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Assembly Committee Passes Student Privacy Reforms in Aftermath of Morgan Hill Ruling

April 18, 2016

Legislation to institute new student privacy protections ensuring that students’ personal information like Social Security Numbers are appropriately protected at the school district level passed the Assembly Education Committee on April 13 on a unanimous 7-0 vote. The bill was authored by California State Assemblymembers Melissa Melendez (R-Lake Elsinore), Lorena Gonzalez (D-San Diego) and Mike Gatto (D-Los Angeles).

A recent ruling in Morgan Hill Concerned Parents Association, et al. v. California Department of Education compelled the school system to provide sensitive information – including social security numbers, mental health and medical information – for students dating back to 2008 to a parents group in Santa Clara County. Assembly Bill 2097 would prohibit school districts from gathering social security numbers and other sensitive unnecessary information for students except where required by federal law.

“As a mother, I don’t want my children’s personal information to be needlessly exposed, and this simple legislation will help clarify rules and keep schools out of the business of asking for this private data in the first place,” Gonzalez said.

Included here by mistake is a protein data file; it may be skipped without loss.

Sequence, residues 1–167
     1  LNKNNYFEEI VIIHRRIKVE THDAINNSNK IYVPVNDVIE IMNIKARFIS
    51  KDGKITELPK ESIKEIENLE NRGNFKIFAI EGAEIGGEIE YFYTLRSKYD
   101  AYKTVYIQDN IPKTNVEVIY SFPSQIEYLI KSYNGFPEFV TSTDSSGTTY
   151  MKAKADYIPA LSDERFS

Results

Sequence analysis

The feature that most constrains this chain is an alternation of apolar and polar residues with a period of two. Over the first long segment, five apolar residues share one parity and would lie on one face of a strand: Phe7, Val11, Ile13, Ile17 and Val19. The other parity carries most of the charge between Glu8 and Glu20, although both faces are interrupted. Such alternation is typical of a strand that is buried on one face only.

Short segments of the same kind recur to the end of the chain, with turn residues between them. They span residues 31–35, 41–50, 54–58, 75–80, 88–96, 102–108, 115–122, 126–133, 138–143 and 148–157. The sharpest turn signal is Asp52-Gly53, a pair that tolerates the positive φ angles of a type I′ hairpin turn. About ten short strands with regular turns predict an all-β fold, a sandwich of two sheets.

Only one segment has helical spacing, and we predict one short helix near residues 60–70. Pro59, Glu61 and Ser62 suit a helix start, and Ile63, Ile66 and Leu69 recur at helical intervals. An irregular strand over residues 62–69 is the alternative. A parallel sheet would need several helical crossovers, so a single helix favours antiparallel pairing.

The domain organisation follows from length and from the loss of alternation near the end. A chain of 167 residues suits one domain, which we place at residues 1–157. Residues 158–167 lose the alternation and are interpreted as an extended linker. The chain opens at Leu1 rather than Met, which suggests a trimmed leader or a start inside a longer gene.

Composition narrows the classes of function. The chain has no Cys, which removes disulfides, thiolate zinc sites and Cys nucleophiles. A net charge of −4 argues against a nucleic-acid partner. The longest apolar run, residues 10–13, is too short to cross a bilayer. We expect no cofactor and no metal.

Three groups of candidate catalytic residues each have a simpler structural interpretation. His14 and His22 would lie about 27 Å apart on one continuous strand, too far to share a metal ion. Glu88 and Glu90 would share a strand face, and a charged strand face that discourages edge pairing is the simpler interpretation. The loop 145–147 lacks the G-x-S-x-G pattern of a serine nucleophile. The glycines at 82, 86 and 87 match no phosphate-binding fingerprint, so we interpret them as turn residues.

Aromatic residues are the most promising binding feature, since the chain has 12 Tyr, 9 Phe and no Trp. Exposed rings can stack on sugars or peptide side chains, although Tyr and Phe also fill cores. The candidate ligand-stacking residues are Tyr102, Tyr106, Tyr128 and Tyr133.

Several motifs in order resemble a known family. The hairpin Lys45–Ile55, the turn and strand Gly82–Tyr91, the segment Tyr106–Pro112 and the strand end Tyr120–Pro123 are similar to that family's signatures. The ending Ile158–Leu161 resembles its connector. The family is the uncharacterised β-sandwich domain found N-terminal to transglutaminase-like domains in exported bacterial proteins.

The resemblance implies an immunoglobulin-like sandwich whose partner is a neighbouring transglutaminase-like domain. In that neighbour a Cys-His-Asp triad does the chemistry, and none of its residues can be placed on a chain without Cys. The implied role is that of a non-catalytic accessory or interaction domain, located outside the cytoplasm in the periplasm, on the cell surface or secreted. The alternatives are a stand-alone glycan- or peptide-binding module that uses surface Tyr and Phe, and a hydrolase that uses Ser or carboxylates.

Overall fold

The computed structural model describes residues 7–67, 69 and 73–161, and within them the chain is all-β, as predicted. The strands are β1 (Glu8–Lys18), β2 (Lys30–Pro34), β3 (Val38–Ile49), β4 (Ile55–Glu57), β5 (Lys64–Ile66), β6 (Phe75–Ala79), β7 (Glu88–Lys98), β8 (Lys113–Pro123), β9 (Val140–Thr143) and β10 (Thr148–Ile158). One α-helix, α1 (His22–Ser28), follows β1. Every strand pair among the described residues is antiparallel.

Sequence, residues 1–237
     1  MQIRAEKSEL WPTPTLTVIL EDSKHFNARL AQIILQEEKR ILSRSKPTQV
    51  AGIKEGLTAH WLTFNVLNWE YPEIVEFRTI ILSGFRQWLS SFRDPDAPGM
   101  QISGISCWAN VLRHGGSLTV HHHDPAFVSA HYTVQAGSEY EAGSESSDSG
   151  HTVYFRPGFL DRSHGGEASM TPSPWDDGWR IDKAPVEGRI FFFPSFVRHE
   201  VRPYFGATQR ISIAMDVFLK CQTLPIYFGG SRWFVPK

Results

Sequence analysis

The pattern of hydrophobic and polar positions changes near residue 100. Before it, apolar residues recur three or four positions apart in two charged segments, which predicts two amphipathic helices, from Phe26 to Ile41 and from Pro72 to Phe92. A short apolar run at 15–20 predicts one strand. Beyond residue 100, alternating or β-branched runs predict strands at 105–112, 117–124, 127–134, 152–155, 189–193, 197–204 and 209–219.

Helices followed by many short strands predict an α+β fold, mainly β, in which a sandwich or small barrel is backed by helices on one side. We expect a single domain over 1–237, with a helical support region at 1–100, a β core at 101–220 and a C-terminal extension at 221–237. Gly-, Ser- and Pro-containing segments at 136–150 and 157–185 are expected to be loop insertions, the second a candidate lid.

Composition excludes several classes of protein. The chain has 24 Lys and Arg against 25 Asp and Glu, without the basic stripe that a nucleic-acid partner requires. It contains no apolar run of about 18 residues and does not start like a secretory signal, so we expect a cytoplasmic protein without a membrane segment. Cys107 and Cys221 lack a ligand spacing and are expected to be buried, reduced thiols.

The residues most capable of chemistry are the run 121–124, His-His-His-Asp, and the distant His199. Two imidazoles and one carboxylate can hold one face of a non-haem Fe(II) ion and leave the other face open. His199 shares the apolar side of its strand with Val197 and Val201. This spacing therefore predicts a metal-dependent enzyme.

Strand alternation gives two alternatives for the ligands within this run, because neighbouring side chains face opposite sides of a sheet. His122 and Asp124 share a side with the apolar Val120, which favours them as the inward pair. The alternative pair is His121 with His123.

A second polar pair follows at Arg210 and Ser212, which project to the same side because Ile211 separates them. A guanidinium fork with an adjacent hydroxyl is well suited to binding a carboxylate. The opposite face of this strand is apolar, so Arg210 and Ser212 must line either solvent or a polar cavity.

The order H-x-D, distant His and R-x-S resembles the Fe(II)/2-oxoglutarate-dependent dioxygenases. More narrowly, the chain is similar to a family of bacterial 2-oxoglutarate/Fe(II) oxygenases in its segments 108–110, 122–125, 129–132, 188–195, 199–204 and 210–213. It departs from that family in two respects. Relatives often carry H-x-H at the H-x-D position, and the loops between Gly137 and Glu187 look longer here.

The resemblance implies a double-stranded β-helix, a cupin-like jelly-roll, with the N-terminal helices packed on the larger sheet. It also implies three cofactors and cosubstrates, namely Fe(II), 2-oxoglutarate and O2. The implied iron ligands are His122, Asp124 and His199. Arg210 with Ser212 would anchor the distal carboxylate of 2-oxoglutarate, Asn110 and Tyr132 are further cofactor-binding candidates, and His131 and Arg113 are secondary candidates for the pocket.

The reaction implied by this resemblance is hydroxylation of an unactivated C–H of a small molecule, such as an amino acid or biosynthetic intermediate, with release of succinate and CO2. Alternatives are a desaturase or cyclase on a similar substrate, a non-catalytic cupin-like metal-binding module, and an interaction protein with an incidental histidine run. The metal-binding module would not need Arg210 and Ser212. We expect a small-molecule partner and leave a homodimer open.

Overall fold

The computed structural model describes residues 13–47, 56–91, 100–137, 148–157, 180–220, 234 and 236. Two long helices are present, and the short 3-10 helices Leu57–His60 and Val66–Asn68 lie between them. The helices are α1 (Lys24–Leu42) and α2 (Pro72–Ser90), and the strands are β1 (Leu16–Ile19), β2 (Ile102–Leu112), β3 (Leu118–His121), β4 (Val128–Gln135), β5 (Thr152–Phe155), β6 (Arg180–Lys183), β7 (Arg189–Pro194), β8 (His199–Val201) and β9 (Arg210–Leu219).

“Identity thieves don’t discriminate when it comes to age. I was appalled when I read about the court order to allow the release of millions of children’s personal information, including my own, to a third party,” Melendez said. “Our children are the most vulnerable among us and it is vital we do everything in our power to protect them. With this legislation, never again shall such a reckless and foolish situation endanger our kids.”

When announcing the bill in February, the authors of AB 2097 also called on California school districts to proactively provide parents with the California Department of Education’s objection form to lodge their opposition to this exposure of personal and private information about their children across the state. Following widespread public outcry, the judge in the case modified an order to reduce the exposure of sensitive student information. However, absent explicit protections that block third parties from receiving private information, the issue remains discretionary on a case-by-case basis.

Source:  Office of Assemblymember Lorena Gonzalez



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